With the regular season winding down, Phillies interim manager Ryne Sandberg is uncertain what the future holds for him beyond September.
He knows his team won't be in the postseason, but he doesn't know if he'll have a job next season as the full-time manager in Philadelphia. So rather than worry about anything out of his control, Sandberg is focused on making the best out of the next two weeks, including Tuesday's game against the Marlins at Citizens Bank Park.
"There hasn't been any indication or word or anything," Sandberg said of his future with the Phillies. "No, I'm just focused on what I'm doing here and the games to be played, getting the players in there as much as I can, making up a lineup to win a baseball game. I want to win as many games as we can, finish strong, finish on a positive note, a good note, all those things."
The Phillies have done their best to end the season the right way, going 17-13 since Sandberg took over for Charlie Manuel on Aug. 16. They continued that in the series opener against the Marlins on Monday, walking away with a 12-2 win.
Meanwhile, Miami enters Tuesday's contest having lost three in a row and 10 of its last 13. Manager Mike Redmond and the Marlins will turn to a pitcher looking for his first Major League win to end the slide.
Called up in early September, Brian Flynn will make his third career start Tuesday. The 23-year-old left-hander went just four innings and gave up six hits in each of the previous two outings. Although he allowed only three runs on Sept. 4 against the Cubs, the Braves tagged him for six runs on Thursday.
Command will likely be a primary focus for Flynn against the Phillies, as he's walked nine batters in his eight big league innings. He tied Miami's season high for free passes in a game with six his last time out.
"It's extremely frustrating for me, hurting yourself more than the other team is hurting you," Flynn said. "That will just grind your gears and make you lose sleep."
Phillies: Halladay set for fifth start since DL stint
Roy Halladay hasn't been his usual self since returning from shoulder surgery on Aug. 25. In a stretch that covers four starts, he is 1-0 with a 5.06 ERA, giving up 18 hits in 21 1/3 innings.
Perhaps the most glaring indication that Halladay still is working his way back into form is that he enters Tuesday's game against the Marlins having walked five batters in each of his last two starts. The last time he walked five in a game before that was in 2007, and Halladay admitted after going just 4 1/3 against the Padres on Thursday that it will take time for him to get back to the top of his game.
But the 36-year-old right-hander is determined to get there and is happy to be pitching again after almost four months on the disabled list.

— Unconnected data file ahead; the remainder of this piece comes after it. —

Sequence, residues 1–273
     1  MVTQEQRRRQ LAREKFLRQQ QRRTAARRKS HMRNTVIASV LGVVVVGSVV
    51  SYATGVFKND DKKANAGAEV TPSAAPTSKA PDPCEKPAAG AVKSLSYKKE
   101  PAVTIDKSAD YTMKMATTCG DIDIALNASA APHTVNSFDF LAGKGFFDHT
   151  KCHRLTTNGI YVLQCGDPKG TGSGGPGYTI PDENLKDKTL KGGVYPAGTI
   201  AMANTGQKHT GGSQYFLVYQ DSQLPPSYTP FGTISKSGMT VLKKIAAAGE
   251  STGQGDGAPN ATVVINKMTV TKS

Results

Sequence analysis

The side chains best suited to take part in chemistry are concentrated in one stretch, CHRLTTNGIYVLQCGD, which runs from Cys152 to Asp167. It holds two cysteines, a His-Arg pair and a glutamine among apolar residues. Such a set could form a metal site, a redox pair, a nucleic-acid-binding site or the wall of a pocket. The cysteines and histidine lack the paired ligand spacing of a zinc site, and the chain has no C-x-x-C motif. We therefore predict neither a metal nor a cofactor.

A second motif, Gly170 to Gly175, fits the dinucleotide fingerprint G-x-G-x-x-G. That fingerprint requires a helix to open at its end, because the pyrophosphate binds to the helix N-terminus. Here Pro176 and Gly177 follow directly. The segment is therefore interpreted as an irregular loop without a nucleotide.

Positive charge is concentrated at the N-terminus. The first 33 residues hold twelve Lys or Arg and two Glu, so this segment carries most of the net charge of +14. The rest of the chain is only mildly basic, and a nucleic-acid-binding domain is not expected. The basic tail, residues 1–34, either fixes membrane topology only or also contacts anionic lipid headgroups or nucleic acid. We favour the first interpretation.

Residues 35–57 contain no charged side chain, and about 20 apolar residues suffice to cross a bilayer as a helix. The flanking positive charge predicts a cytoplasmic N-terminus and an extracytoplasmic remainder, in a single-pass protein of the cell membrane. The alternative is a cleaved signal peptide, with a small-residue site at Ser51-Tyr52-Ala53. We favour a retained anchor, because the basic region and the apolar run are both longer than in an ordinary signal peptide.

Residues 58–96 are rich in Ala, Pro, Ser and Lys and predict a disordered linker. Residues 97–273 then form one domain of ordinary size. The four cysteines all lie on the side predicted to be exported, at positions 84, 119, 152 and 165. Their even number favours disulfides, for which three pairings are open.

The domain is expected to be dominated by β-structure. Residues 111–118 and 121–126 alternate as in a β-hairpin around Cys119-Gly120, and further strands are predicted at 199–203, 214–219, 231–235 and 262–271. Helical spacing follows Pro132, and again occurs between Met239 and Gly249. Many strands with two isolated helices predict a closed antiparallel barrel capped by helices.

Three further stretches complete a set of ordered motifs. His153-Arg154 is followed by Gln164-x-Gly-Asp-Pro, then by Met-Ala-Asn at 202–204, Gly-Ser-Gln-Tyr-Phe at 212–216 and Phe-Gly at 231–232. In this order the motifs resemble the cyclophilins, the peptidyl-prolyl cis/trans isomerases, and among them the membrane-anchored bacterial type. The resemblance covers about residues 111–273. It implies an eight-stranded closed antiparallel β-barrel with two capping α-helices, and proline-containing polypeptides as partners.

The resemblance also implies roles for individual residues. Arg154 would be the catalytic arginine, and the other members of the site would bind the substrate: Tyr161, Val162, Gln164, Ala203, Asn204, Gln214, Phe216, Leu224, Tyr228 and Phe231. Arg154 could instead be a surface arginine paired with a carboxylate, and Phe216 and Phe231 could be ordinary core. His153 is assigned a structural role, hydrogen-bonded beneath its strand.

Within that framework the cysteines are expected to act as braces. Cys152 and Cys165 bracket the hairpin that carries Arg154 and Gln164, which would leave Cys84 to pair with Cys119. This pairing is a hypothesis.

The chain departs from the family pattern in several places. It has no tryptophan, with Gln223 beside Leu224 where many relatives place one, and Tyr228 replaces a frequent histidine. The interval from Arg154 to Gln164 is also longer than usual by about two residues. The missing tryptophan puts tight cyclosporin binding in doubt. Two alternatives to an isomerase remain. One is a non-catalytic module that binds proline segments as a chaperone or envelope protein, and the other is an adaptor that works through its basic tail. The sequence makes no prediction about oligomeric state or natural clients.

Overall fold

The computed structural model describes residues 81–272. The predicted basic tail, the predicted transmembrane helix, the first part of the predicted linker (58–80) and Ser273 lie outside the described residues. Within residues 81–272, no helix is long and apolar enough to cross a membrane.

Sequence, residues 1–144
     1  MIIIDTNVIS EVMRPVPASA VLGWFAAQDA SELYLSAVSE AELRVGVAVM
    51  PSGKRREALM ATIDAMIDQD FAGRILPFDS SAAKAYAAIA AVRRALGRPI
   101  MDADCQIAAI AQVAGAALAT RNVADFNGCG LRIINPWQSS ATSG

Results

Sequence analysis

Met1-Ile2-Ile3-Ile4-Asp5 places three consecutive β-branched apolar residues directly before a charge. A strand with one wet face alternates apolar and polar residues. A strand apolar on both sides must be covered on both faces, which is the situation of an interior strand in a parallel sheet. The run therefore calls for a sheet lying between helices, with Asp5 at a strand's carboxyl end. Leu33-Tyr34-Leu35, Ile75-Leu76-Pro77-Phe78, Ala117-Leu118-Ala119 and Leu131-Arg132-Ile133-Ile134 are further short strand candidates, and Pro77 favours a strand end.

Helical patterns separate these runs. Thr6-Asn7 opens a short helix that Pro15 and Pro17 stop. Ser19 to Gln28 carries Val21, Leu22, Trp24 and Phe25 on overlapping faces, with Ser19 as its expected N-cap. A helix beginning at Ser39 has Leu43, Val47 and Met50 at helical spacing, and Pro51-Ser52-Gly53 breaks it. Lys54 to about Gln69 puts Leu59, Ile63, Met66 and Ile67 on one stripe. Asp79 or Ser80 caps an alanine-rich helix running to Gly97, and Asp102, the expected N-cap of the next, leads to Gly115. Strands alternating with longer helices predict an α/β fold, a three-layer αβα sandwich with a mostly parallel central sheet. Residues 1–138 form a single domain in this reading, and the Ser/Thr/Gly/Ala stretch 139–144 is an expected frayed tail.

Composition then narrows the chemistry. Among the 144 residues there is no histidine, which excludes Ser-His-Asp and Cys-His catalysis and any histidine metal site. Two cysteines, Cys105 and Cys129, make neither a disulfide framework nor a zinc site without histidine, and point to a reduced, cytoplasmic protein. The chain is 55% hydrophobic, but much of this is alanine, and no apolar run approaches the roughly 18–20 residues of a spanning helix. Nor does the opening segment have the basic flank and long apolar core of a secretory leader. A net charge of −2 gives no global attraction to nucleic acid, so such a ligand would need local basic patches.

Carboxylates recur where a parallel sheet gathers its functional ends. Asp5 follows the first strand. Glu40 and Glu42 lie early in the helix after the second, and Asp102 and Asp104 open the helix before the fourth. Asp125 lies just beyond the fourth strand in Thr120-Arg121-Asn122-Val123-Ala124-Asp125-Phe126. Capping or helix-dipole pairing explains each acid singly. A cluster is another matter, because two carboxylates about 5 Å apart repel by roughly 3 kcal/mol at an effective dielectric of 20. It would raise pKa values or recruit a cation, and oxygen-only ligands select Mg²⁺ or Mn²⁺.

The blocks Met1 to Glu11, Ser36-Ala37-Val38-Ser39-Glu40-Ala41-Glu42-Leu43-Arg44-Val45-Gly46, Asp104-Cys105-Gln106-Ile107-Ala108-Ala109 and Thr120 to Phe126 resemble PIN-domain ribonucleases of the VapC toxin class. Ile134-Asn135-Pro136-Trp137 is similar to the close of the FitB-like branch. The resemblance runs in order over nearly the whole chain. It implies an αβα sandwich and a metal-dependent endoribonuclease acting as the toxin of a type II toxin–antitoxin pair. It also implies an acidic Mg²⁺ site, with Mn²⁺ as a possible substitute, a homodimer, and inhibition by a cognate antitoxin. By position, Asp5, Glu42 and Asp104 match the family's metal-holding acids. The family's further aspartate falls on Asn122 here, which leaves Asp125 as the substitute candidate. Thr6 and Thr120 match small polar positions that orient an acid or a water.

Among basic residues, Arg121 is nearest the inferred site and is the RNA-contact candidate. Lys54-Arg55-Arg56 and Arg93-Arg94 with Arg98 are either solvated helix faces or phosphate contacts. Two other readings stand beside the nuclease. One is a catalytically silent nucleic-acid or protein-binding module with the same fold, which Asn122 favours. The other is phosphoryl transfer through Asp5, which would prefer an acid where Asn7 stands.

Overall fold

"In all honesty, I'm proud of the fact that I've made it back," Halladay said after his last start. "A lot of guys my age could be at home, not pitching, could never pitch again. I feel like I beat some of those odds, and that's what I'm looking at and am trying to take the positives.
"I woke up this morning and it was like Christmas morning, getting a chance to pitch again. After sitting out and watching the team and not being a part of it, it's a completely different thrill to be able to go out there and pitch now. I want to do a better job for us."
Marlins: Mathis returns to lineup
Altough Jeff Mathis went hitless Monday against the Phillies, manager Mike Redmond and the Marlins were happy to welcome their catcher back from a week off with a right thumb contusion.
In action for the first time since Sept. 9, the biggest thing Mathis brought back, according to Redmond, was his contribution behind the plate where he helps guide the young Miami pitchers.
He was on the wrong end of a collision at the plate with Domonic Brown in the third inning, but caught four more frames before exiting, and Redmond said he was OK.
"I think [the thumb] will be sore, but at this time, there isn't a catcher who isn't banged up," Redmond said. "It's been a long season after a long spring. It's been a physical grind and an emotional grind. Guys are tired, but it's part of playing in the big leagues and you have to finish. You have to keep fighting through it. With so many young guys, this is big for us to get through."
• The Marlins are 1-4 five games into their 10-day, 11-game road trip. They started with four games against the Mets and finish with three in Washington.
• The Phillies own a 10-4 record in the season series against the Marlins and have won the last six meetings between the clubs.
• Philadelphia has won 22 of its last 29 games against Miami at Citizens Bank Park.
Jeremy Warnemuende is an associate reporter for MLB.com. This story was not subject to the approval of Major League Baseball or its clubs.